Adkison saw the potential of the game and asked Garfield to begin working on it in earnest. Garfield was still getting his doctorate at the University of Pennsylvania, so he used his free time and a cadre of volunteer playtesters to develop the game.
Magic debuted in 1993 at the Origins Game Fair in Dallas, TX. It was an instant success—players bought up the full stock of what had been believed to be a year’s supply of cards, and a reprint had to be ordered immediately.
As the popularity of the game spread, Wizards continually evolved to meet the needs of the players.
A robust tournament system known as the DCI was developed by Skaff Elias. It set standards for how tournaments were run, and kept track of player’s stats. It was among the first of its kind in the hobby gaming industry.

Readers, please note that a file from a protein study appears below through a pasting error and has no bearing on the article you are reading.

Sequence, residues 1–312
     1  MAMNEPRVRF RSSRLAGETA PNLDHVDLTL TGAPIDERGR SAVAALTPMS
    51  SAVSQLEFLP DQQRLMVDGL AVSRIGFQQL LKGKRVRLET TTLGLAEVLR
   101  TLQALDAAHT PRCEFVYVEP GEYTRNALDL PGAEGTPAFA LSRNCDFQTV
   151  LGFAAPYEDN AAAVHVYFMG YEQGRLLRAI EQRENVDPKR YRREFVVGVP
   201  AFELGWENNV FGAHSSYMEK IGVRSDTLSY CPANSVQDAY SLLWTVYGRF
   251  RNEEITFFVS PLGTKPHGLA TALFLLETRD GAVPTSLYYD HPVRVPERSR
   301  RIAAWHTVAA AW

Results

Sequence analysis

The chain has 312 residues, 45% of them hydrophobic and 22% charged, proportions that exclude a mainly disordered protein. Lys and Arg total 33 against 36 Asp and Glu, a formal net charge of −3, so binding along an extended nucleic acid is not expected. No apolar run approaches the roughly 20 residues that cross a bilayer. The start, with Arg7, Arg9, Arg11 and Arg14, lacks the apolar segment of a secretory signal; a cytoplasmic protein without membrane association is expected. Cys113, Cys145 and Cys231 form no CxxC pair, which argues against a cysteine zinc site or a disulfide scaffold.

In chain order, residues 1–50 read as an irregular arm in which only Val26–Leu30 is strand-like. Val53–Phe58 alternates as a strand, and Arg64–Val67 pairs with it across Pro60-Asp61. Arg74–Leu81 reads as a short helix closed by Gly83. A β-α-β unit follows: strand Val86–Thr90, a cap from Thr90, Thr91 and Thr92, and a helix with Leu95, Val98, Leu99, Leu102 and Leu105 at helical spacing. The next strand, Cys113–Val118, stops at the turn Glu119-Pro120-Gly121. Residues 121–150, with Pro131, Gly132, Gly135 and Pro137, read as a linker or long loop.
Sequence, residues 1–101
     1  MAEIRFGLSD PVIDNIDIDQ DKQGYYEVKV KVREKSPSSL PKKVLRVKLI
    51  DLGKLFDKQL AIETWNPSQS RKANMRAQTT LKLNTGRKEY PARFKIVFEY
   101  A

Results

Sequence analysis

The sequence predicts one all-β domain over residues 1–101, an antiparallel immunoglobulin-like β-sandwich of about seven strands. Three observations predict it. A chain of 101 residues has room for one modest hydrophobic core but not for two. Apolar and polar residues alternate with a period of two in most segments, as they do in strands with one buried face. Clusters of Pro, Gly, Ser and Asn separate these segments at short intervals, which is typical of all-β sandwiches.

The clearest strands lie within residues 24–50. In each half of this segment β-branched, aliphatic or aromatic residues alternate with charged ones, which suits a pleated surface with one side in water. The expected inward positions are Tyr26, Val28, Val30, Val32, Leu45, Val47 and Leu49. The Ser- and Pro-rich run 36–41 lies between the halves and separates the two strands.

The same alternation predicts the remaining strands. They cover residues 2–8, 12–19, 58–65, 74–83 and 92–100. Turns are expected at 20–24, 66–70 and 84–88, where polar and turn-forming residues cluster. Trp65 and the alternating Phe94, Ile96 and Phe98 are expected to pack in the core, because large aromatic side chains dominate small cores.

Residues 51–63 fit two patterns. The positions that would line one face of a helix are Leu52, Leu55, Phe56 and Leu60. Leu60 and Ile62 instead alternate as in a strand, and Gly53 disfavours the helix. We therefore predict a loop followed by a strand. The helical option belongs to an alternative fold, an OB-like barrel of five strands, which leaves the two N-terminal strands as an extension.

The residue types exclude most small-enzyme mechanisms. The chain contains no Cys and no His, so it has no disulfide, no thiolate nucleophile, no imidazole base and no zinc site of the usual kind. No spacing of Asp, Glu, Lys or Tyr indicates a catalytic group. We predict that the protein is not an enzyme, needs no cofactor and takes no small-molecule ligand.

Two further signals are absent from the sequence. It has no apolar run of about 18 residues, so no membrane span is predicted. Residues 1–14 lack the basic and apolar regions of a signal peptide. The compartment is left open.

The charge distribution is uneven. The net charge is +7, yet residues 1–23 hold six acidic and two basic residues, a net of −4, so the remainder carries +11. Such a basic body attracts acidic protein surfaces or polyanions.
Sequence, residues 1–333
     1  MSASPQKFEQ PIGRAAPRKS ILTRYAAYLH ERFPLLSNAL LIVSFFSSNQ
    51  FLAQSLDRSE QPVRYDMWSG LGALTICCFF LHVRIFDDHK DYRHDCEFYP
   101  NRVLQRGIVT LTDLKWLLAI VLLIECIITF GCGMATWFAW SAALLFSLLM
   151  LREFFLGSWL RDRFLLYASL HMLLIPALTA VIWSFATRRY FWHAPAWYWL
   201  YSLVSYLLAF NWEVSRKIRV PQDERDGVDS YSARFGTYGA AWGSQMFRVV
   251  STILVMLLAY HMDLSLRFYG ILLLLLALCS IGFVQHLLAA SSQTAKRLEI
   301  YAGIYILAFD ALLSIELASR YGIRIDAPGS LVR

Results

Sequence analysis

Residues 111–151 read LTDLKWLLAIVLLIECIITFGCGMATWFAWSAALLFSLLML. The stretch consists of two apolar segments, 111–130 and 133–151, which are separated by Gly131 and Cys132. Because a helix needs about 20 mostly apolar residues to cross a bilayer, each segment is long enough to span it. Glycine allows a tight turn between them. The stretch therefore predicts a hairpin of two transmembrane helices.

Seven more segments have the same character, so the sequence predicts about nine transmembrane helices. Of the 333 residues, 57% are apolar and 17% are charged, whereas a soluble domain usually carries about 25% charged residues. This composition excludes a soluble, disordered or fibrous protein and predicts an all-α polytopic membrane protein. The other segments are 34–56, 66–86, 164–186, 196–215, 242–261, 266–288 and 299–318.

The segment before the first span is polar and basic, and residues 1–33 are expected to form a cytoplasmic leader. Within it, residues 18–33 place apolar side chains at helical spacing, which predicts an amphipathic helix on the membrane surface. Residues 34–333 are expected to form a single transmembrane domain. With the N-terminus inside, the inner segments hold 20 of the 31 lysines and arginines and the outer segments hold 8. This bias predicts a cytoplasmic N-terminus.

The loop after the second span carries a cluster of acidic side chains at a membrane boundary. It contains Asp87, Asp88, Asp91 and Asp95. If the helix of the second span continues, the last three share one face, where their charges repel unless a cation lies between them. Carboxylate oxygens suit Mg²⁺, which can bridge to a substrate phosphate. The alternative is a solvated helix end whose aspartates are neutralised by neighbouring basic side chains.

In 1996, the Magic Pro Tour was born. The Pro Tour is an invite-only tournament structure offering over $1 million in prizes a year. To qualify for the series, there is a worldwide system of qualifier tournaments and large events that allow players to earn a spot on the circuit.
The game was first published only in English, but that would soon change as Italian, French, German, and Spanish were added. As the game grew, six additional languages entered the mix: Japanese, Portuguese, Russian, Chinese Traditional, Chinese Simplified, and Korean.